There is an excellent article on masonhq called Design Issues with Mason. It should answer your question about not using embedded code. You can also use components in a MVC style--some components are used for display, some for app logic, and some for data access. Whichever style you use, mason's embedded code capability makes creating working prototype applications incredibly fast and easy.

      Probably the coolest thing about Mason is it's parameter handling. You have THREE different ways of getting params, and it can be useful to mix them. You can declare an <%args> section in your component, and name your variables:

      <%args> $foo => 'FOO!' # the value of foo goes here, default value "FOO!" @bar # Here we ask for a list of bar values, no default means bar is +a required param. $dog => $foo.'dog' # You can have dynamic defaults. $cat => undef # or undef by default. </%args>

      You can also just pull things out of @_, just like a perl subroutine, which is actually what a mason component compiles into. And third, you can use the magnificent %ARGS hash. This is really handy for building components that print form data in a pretty way without having to hard code in fields:

      <HTML><head><title>STUFF</title></head> <body> <table> % foreach my $field ( keys %fieldSpecs ) { <tr><td><% $field %></td><td><% $ARGS{$field} %></td></tr> % } </table> </body> </HTML> <%args> %fieldSpecs </%args>

      Of course a real usage of the above would need to be a bit more complex. You can manipulate one structure without affecting the others. This has proven to be rather handy.

      Dhandlers, autohandlers and inheritance are also very cool mason features. Autohandlers provide a way of creating nested templates and core functionality common to entire hierarchies on your server. If you have a file at /home/html/foo/bar/baz.html, it will automatically invoke the autohandlers at /home/html/autohandler (I'm assuming /home/html/is you doc root), /home/html/foo/autohandler, /home/html/foo/bar/autohandler. Combined with inheritance we have a very powerful feature. You can create sub components that live inside a main, parent component, if you specify that they are 'method's they can then be inherited. For example if you want every component on your website to be able to find print the time in roman numerals, you write a method to do this, then stick it in your root authandler. Then in any component you can call $m->comp(SELF:RomanTime) to get the results. Dhandlers allow you to specify how to react to requests for files that don't exist. Say you have all your content in xml stored in a database. You can write a dhandler that translates an html document request into a call to routines that look up the appropriate xml in the db, transform it to html. Your autohandler will take care of wrapping it in your standard templates for you.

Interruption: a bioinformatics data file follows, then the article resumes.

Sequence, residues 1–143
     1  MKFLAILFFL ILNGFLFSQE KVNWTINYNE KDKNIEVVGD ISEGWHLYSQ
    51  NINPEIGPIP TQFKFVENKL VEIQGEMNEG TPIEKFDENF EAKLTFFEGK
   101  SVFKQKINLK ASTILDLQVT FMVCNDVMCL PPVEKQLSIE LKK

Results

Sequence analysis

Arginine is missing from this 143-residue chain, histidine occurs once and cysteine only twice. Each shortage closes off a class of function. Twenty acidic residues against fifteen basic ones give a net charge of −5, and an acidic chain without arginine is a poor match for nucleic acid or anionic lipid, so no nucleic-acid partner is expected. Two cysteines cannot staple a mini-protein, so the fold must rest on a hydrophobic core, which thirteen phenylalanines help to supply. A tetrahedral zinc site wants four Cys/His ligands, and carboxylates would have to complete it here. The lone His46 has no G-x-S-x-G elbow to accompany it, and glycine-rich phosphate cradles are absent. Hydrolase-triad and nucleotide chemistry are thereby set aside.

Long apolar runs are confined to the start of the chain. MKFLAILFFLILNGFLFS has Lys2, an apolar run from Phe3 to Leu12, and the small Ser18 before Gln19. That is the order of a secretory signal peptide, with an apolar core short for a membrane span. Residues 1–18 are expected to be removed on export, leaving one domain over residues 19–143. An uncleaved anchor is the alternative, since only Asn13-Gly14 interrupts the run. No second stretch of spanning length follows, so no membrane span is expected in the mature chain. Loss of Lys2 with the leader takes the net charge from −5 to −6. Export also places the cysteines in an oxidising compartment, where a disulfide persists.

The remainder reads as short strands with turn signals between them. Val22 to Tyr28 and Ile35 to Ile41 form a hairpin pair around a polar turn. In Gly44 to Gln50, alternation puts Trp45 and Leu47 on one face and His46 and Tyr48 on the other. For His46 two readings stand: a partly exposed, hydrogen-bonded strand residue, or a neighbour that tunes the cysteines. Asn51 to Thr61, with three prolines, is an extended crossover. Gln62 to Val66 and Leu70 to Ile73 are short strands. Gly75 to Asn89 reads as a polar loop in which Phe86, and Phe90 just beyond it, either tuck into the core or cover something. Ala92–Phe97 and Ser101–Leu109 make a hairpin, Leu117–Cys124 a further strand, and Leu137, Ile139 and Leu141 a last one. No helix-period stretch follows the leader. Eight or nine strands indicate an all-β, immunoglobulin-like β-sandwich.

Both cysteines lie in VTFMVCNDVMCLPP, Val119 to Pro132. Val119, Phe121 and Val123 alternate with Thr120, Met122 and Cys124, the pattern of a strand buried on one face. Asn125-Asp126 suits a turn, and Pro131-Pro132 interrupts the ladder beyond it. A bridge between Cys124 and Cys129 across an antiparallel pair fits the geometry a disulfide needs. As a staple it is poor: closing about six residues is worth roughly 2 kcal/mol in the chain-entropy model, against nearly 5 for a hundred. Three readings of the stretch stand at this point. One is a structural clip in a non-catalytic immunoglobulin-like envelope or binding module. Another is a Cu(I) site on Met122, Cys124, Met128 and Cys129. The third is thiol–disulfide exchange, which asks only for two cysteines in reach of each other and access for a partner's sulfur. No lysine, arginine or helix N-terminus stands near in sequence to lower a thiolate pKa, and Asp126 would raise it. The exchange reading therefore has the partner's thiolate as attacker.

That's my Mason is Cool rant. I hope you have found it useful. Check out Bricolage and RT, a couple of impressive Mason apps. Plus, VIm has a syntax definition for Mason.

      TGI says moo

        Thanks, TGI. This is exactly the kind of feedback I'm looking for. I definitely lean toward the MVC structure, and if Mason can make that easier than other tools, then it is on my list of possible solutions. I will definitely check out the article you mentioned. I'll probably need to do some speed testing myself, to see if Mason will be acceptable in CGI mode, though I hope I won't have to go that route.

        Impossible Robot

Log In?

What's my password?
Create A New User
Node Status?
node history
Node Type: note [id://157624]
and all is quiet...

How do I use this? | Other CB clients
Other Users?
Others avoiding work at the Monastery: (3)
As of 2018-06-19 01:27 GMT
Find Nodes?
    Voting Booth?
    Should cpanminus be part of the standard Perl release?

    Results (111 votes). Check out past polls.